We're reopening the places you love in Norfolk, safely and in line with government guidance. We recommend you book in advance for visits to Blickling Estate, Felbrigg Hall, Oxburgh Hall and Sheringham Park, especially at busy times such as weekends and over the festive period.
Blossom is a sure sign that spring has arrived. Nature's own confetti, nothing lifts the spirits quite like the beauty of pink or white petals adorning trees in the springtime. Here's some of the places that might be local to you, where you can witness this seasonal highlight in East Anglia.
Do you enjoy wandering around gardens, seeking inspiration for your own or perhaps they're a place to escape to if you lack your own green space? Find out what's in bloom, as well as some fascinating facts, myths and meanings behind the flowers we grow and what to look out for at this time of year.
As nature wakes up for spring, you can see people participating in #BlossomWatch with this map, which is powered by your tweets. You can also find out more about how you can spread the joy of spring on Twitter with #BlossomWatch.
Blickling Estate springs into life with the changing of the seasons. Look out for snowdrops, crocuses, daffodils, magnolia and wisteria followed by one of the most breath-taking displays of bluebells in the region.
Signs of spring are everywhere at Felbrigg. Daffodils bloom around the hall and bluebells in the woodland. Camellias and rhododendrons can be found in the West Garden, and more exotic plants in the Walled Garden, including the azara, which has an amazing scent.
The wild garden at Sheringham is at its best in spring. Rhododendrons take centre stage from early March to mid-June, with giant pierises, magnolias, snowdrops, handkerchief trees and bluebells. Listen for the song of the blackcap and skylark and look out for deer, brown hares and maybe a basking adder.
Oxburgh Hall is currently undergoing an exciting restoration and it's all thanks to your support. Whilst work continues on the roof, enjoy a walk around the landscape, discovering new areas of the parkland. Check our opening times for the latest information, as to when the house is open.
Spring on the Norfolk coast brings a flurry of new sounds. At the end of March the sandwich terns return, common terns and little terns join through April, and in May, oyster catchers, avocets and ring plummers will sing, display and lay eggs. Brent geese say goodbye at the end of April, filling the sky with honking.
Between February and May look out for boxing brown hares, dancing common cranes and marsh harriers. Frogspawn will be in abundance, butterflies will appear, from rare swallowtails to daffodil yellow brimstones and the season will finish in a finale of carpets of bluebells.
Norfolk is a great place for a day out with the family. From crabbing at Blakeney, cycling at Blickling, wildlife watching at Sheringham Park, as well as plenty of space to enjoy a walk at Felbrigg and Oxburgh Hall.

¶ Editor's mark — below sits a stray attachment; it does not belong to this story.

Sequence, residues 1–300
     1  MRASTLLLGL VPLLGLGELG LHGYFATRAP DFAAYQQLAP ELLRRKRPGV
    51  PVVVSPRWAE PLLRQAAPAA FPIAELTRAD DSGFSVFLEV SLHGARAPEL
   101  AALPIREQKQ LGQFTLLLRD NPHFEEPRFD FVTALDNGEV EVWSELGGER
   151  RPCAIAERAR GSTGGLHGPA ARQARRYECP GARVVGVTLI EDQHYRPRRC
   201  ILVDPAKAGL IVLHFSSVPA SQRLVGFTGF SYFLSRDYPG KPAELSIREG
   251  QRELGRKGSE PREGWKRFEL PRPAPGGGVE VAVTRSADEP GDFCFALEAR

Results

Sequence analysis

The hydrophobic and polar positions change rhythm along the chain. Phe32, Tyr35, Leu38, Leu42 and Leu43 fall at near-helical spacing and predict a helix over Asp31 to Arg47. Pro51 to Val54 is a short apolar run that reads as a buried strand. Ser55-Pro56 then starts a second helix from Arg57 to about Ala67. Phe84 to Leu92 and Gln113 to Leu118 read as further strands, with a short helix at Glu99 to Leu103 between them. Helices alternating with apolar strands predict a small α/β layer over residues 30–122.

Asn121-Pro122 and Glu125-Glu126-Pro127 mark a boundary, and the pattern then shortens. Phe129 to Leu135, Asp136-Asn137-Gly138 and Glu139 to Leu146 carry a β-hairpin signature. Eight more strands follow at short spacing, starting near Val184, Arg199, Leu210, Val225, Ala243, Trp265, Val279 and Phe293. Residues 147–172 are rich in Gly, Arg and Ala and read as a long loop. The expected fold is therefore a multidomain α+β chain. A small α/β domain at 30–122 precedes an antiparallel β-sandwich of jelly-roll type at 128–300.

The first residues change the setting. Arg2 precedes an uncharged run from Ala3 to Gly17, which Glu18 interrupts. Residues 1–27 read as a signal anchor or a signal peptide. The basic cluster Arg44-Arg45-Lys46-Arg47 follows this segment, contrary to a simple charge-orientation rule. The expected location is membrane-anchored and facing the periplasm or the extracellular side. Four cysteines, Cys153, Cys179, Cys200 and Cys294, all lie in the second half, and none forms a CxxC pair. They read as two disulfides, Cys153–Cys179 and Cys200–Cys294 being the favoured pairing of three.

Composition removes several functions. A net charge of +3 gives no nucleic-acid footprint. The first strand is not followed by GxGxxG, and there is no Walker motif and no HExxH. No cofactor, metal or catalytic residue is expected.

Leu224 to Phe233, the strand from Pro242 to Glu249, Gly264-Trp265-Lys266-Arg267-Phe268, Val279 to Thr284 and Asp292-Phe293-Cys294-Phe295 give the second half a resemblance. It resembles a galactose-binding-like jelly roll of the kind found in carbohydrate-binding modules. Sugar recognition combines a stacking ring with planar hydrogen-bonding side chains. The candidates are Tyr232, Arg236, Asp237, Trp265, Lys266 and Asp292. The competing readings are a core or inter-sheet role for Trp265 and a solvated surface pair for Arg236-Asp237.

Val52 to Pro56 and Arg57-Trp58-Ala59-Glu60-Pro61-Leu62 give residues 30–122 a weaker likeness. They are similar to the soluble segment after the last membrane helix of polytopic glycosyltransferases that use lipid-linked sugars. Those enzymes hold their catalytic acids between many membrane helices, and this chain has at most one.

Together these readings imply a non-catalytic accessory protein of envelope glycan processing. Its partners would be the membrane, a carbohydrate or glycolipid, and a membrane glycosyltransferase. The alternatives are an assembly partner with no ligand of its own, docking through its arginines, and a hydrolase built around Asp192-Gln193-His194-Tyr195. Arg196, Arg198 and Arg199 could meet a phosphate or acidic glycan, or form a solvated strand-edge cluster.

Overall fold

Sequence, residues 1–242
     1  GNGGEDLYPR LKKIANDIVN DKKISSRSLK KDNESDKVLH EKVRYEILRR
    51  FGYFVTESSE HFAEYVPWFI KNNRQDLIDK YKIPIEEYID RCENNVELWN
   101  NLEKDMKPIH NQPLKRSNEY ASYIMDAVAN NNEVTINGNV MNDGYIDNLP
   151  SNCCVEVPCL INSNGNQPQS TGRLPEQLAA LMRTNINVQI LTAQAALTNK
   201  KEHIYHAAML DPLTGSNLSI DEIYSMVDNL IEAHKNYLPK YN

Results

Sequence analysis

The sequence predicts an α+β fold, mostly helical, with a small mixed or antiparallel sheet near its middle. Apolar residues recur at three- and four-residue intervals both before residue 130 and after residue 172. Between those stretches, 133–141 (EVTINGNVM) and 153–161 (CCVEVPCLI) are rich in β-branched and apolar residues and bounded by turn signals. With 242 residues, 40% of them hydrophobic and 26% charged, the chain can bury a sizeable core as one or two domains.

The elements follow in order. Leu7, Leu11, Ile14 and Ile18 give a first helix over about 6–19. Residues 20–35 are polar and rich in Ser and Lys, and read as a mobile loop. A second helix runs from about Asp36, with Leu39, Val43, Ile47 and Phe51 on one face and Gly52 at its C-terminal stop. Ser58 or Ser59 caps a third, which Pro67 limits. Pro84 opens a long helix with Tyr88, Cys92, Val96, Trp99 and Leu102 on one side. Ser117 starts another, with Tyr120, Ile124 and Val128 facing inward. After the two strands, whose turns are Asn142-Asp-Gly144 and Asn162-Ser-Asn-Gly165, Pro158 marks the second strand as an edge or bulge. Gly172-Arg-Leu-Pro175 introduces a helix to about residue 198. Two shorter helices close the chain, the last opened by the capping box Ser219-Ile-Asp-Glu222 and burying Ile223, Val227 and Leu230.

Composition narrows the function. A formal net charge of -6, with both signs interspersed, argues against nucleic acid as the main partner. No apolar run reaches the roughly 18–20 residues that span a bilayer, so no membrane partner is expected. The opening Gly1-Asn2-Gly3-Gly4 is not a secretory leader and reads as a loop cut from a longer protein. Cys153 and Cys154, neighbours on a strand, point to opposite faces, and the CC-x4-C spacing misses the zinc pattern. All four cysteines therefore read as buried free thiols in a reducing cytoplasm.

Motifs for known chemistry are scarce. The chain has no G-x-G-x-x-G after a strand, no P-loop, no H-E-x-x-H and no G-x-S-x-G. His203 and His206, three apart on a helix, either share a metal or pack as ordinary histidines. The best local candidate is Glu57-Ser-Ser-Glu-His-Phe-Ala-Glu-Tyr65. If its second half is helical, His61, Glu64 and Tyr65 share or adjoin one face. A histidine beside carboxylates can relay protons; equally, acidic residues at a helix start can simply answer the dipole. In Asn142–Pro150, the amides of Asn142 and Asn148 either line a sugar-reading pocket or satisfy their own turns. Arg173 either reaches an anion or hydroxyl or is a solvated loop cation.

Throughout Norfolk there are many trails and footpaths that will take you through stunning scenery, from the iconic coastline to the Norfolk Broads. As well as the coastal path, head off the beaten track at Sheringham Park, Felbrigg Hall and Blickling Estate.
Best breeding season for rare little terns for 25 years
One of the UK’s few remaining little tern colonies at Blakeney National Nature Reserve has had its most successful season for 25 years thanks to a lack of disturbance, few predators and a helping of luck. This year, nesting pairs of little terns fledged over 200 chicks at Blakeney Point.
Archaeologist discovers rare items under the floor of Oxburgh Hall
An archaeologist working alone through lockdown in the attic rooms of Oxburgh Hall has uncovered thousands of rare items under the floorboards. The variety, age and significance of the items found and what they reveal make it a unique discovery.
2020 was the 125th anniversary of the National Trust and although our birthday year didn't turn out quite like how we planned, we took the opportunity to look back at where it all began. Here are some of the key moments in our history of caring for special places, in the East of England.
Go behind the scenes at Sheringham Park and discover 1,000 acres of glorious parkland, woods and clifftops. Learn about the designer who sculpted the landscape, Humphry Repton, and meet the staff and volunteers who keep his vision alive today.
Follow our most ambitious restoration project to date, which will secure the future of this 500 year old building. Along the way we'll share our discoveries, life behind the scenes and opportunities to take a closer look.
Not far from Cambridge you'll find Anglesey Abbey, where the gardens boast colour throughout the year. A little further afield you'll discover Wimpole with acres of space to explore, the distinctive fenland landscape of Wicken Fen and views of one of the last working mills on the River Ouse.
With a landscape made famous by the artist John Constable to the royal burial ground at Sutton Hoo, Suffolk has a fascinating history. There's lots of variety too, from the coastline in the east to the picturesque wool towns in the west. And you won't want to miss Ickworth with its Italianate garden and parkland.
Tucked away in Essex you'll find hidden gems like Blake's Wood and Danbury Common, as well as some of our more well known places like Hatfield Forest. Over the border in Bedfordshire, enjoy the view from Dunstable Downs and in Hertfordshire, Ashridge Estate is ideal for walks with the family.